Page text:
During primary or revision arthroplasty the extensor mechanism can be deficient secondary to tubercle avulsion, tendon rupture, proximal tibial bone loss, or erosion of the extensor mechanism from infection. During revision, arthroplasty scarring of the quadriceps and patellar tendon makes the extensor mechanism particularly vulnerable to disruption.

Closure of the wound may be challenging, and the most common reason for this is oversized allograft, followed by oversized components. To avoid this problem, careful implant and allograft selection is critical. Tibial tubercle osteotomy is attached with large fragment partially threaded cancellous screws or with transosseous wiring. Quadriceps tendon turn-down or snips are repaired with heavy suture. Closure of the parapatellar arthrotomy is done with heavy suture done in a continuous manner with reinforced interrupted sutures. Deep drains are placed at the preference of the surgeon and subcutaneous and skin layers are closed in the usual fashion. Anticipated wound closure problems should be discussed prior to surgery with your plastics colleagues. If soft-tissue coverage is a problem, rotational flaps and skin-grafting may be necessary [10].

Range of motion is a critical component of recovery, and these should be started as soon as possible provided the wound coverage is adequate and there are no extensor mechanism issues. If a tibial tubercle osteotomy or quadriceps turndown is performed, we restrict active extension for 6–8 weeks. Restrictions on weightbearing are maintained for 8 weeks followed by progressive increases to full weightbearing once graft incorporation is seen on sequential radiographs. This may take 3–6 months depending on the reconstruction and biology of the patient.

As with all complex reconstructions, preoperative planning is critical in ensuring no untoward intraoperative surprises. We strongly believe that deviating from a carefully thought-out preoperative plan may result in poor outcomes. Critical steps involve allograft and implant sizing and dealing with anticipated wound complications early and aggressively. Furthermore, optimizing the patient’s perioperative health status is crucial, and this must include smoking abstinence.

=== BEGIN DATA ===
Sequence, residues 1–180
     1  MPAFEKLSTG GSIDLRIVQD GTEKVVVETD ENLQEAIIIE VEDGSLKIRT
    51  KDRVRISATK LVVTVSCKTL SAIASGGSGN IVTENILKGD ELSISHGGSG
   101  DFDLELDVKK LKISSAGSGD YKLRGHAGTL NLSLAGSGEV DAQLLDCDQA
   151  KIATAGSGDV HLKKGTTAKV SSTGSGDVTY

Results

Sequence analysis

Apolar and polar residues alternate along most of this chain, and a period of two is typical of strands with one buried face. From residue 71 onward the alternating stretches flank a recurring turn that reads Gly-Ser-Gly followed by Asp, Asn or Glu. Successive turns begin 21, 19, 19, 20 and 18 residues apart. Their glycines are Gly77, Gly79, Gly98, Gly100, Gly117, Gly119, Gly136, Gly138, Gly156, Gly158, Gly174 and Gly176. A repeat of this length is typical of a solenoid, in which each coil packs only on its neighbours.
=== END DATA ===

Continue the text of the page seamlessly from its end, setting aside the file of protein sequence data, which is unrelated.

The use of segmental and structural allografts has been used in both contained and uncontained defects around the knee in arthroplasty for over two decades. The primary data for this comes in the setting of revision knee arthroplasty and has encouraging results. In one of the earliest papers, Stockley et al. reported 20 knees that had undergone a combination of structural allograft and morselized allograft with 85% survivorship at 4.2 years [16]. There were 2 graft fractures and 3 infections in their series. The lowest reported survivorship is that from Ghazavi et al. with only 67% survivorship at 5 years in their 30 patients [17]. However, when looking at the majority of the literature, most authors report 80–93% survivorship of their constructs at 5 years. The survivorship numbers drop off at 10 years with Clatworthy et al. showing a drop of 92% at 5 year to 79% at 10 years [18]. Reference [19] had 46 patients at 10 years with 91% survivorship for femoral head allograft in tibial defects.

Dealing with bone loss is a significant challenge to arthroplasty surgeons. We believe that structural allograft is a viable method for dealing with this problem with the added benefit of restoring bone stock. These complex procedures should be performed by surgeons with expertise in revision arthroplasty and with access to a dedicated bone bank. Allograft reconstruction is not indicated in the low demand or elderly patients who would benefit from implantation of an endoprosthesis, which allows rapid mobilization and recovery.

 

Source:

http://doi.org/10.4061/2011/578952